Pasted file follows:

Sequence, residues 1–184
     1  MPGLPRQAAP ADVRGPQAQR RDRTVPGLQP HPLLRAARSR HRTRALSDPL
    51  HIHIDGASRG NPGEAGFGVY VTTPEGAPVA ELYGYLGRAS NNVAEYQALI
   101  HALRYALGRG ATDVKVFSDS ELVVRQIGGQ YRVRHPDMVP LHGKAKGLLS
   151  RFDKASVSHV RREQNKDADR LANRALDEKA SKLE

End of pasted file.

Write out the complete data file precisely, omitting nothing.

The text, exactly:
Sequence, residues 1–184
     1  MPGLPRQAAP ADVRGPQAQR RDRTVPGLQP HPLLRAARSR HRTRALSDPL
    51  HIHIDGASRG NPGEAGFGVY VTTPEGAPVA ELYGYLGRAS NNVAEYQALI
   101  HALRYALGRG ATDVKVFSDS ELVVRQIGGQ YRVRHPDMVP LHGKAKGLLS
   151  RFDKASVSHV RREQNKDADR LANRALDEKA SKLE